Director: Bart Layton
Stars: Barry Keoghan, Evan Peters, Blake Jenner
To what extent are movies culpable in real life crimes? It’s a question that rears its head with regularity, particularly when the perpetrator(s) are young. Popular culture has a self-evident influence over our lives, shaping (but not defining) our preferences and politics, and perhaps also taking a larger role in our moods and well-being than we might want to admit. American Animals, the new film from Bart Layton, toys with these ideas, presenting a nagging picture of masculine vacuity in the early 2000s.
Spencer (Barry Keoghan) is a privileged malcontent in the Benjamin Braddock mould. He attends Transylvania University in Kentucky yet feels as though his life is ill-defined and lacking in a sense of mythic drama. It’s a sensation shared by his shadier friend Warren (Evan Peters). One day while visiting the local library, Spencer has the germ of an idea to change all of that. The library is home to some of the rarest books in the world, including a colossal set of volumes by painter John Joe Audobon. What if… what if… the boys could pull off a heist so close to home? Wouldn’t the inherent danger grant their lives meaning?
Spencer and Warren watch scores of heist movies in preparation for a project neither of them seems certain will come to fruition, and indeed it is painted (always intend your puns) as an enjoyable theoretical obsession more than a get-rich-quick scam. The shared riches are never the point. So much so that the subject isn’t even broached when they cagily decide they need to bring two more into the fold; strategist Eric (Jared Abrahamson) and wheel man Chas (Blake Jenner). Chas is even shown as upper middle-class. Their new cohorts aren’t just extra bodies, but kindred spirits. Layton builds a picture of an entire generation in need of a purpose.
These are young men searching for meaning in post-Y2K, post-Fight Club America; their directionless lives immediately the subject of movies and television shows. They romanticise their planned crime, failing to fully confront the realities of what they’re proposing. They intend to disguise themselves as old men, an idea pitched with sincerity, but which looks woefully foolish in practice. While the heist itself will run anything but smoothly…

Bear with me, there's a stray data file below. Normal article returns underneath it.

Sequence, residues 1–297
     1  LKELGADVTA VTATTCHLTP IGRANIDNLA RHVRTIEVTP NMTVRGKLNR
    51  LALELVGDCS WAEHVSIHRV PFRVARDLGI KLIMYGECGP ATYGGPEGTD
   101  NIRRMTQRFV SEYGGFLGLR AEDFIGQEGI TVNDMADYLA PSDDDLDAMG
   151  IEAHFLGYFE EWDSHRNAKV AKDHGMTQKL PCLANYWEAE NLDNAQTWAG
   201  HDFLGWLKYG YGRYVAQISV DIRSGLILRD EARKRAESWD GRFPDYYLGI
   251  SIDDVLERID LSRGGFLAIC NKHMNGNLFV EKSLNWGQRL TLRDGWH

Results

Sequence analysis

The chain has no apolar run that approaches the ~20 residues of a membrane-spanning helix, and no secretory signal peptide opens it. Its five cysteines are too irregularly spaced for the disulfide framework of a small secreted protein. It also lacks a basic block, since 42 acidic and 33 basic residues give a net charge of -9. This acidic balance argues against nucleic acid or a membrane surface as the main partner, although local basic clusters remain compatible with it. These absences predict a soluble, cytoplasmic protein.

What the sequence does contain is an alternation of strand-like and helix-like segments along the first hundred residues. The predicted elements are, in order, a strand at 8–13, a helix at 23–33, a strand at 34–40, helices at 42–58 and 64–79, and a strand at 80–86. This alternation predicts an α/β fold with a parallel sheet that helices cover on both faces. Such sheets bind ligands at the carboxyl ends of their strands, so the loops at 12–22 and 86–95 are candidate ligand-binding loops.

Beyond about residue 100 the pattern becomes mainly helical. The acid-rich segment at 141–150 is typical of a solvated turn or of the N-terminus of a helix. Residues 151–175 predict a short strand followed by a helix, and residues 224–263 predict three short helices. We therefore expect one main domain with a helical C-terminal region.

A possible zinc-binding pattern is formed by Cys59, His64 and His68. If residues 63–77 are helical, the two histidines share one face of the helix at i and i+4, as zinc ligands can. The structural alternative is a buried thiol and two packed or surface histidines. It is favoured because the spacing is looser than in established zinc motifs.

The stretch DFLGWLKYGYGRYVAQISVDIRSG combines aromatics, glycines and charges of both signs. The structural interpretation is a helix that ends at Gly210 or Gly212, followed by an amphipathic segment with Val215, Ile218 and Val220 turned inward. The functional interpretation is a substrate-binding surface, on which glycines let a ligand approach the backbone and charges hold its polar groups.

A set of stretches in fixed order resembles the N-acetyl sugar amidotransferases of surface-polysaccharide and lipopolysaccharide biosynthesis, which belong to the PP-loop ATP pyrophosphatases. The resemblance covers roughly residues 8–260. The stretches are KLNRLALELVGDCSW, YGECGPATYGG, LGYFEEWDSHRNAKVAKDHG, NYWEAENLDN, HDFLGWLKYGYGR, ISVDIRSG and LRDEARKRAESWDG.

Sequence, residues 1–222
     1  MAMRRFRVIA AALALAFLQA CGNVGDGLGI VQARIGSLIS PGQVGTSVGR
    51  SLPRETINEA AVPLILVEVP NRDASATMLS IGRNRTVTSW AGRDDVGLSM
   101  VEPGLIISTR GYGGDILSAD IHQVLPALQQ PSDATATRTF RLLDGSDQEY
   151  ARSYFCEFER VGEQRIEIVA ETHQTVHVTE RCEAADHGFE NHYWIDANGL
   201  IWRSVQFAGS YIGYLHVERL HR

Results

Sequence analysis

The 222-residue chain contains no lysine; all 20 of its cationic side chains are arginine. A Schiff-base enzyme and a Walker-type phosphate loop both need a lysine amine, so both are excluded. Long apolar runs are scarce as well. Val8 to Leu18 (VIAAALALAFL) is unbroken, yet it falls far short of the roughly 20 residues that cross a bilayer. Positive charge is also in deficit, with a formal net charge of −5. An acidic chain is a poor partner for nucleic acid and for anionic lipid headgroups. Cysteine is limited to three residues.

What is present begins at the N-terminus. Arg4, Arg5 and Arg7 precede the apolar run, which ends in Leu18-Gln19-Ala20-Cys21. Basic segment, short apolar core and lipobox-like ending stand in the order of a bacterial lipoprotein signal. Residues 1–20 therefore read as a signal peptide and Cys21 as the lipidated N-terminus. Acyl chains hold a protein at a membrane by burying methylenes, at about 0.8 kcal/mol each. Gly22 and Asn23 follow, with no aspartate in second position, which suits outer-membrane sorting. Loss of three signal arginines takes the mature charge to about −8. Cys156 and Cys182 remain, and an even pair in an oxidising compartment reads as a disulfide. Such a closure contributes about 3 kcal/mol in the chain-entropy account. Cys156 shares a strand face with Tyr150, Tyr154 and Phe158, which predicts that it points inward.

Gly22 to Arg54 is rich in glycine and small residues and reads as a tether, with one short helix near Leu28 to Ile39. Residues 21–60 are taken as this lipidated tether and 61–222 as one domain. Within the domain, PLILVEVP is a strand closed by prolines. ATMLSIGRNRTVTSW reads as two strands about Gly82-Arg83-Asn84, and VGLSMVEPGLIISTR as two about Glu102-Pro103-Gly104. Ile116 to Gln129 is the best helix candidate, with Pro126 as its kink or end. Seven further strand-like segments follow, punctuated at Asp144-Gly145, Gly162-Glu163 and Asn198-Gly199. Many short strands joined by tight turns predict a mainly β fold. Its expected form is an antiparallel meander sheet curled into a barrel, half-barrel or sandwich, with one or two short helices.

Mark Kermode and Kim Newman’s recent BBC series Secrets Of Cinema devoted a whole hour to heist movies, breaking down the rules and expectations of the genre and what specifically makes such films tick. Layton’s film adheres neatly to the template examined in that brisk deconstruction, spending an hour on the plotting, racking up the tension and the questions. Duly, the second act peaks with the suspenseful heist itself, while the third charts the inevitable unwinding into either success or squalor.
But these days you need a gimmick, and Layton has one, albeit one you’ll see coming if you encountered his last film, 2012’s docu-drama The Imposter. Narration of American Animals is handed over to the real Spencer, Warren, Chas and Eric, who appear before the camera, telegraphing failure with hangdog expressions and contemplative deliveries (or is that just a tricky double bluff?). It’s a risky manuevre liable to alienate as many as it appeals to, recasting the film as an elaborate reconstruction and fuzzing the lines of genre. Yet where The Imposter failed (in this viewer’s eyes) for its bias toward one narrative point-of-view, American Animals gets playful with the very notion of truth vs memory.
Infrequently, Layton has a scene pause and replay as different members of the team recount their version of a moment, thereby underscoring the hazy role of perception and recollection in any supposed ‘true’ story. Just as the characters (who aren’t just characters) mix-up fantasy and reality, so American Animals itself concedes that a documentary is only as reliable as its sources.
Layton still spends a majority of his time on his dramatisation, which is fortunate as he has an abundance of talent at his disposal. Keoghan impressed greatly last year in The Killing Of A Sacred Deer, and his work here is in a similarly twitchy vein, albeit with a little more warmth than Yorgos Lanthimos is inclined to elicit. Evan Peters, meanwhile, shrugs off the burden of the X-Men franchise and strides remarkably forward, his bratty confidence and mischievous grin keenly recalling a young Malcolm McDowell. Blake Jenner, meanwhile, conjures memories of a young Ben Affleck, and appears to have taken his own strides since Everybody Wants Some!!
Layton loves a fraud or a trickster. His fondness skewed The Imposter and similarly threatens to tip American Animals. He loves his rascals a little too much, and goes to great pains to cast them as good honest boys who just had one-too-many daydreams. The film recognises that their escapade begot at least one direct victim, but that voice is conspicuously marginalised in favour of having the apologetic culprits shed a tear for the camera. It seems Layton, too, is susceptible to the appealing myth of the American outlaw. I wouldn’t be at all surprised if his next project turned out to be a eulogising Western.
His fondness for these young men translates through the screen with great ease, however, something ably abetted by such stellar turns. American Animals is very easy to watch. Layton has become a more confident filmmaker, and it evidences in flashy editing and ambitious soundtrack choices that attempt to rub shoulders with established modern American auteurs (Fincher, PT Anderson) and even contemporary heist flicks (the Oceans films).
American Animals moves with a swagger, and while there’s time enough at the end for regrets and laments, it’s the enthusiasm of the picture that settles in the aftermath. Don’t you just wish life was as exciting as it is in the movies?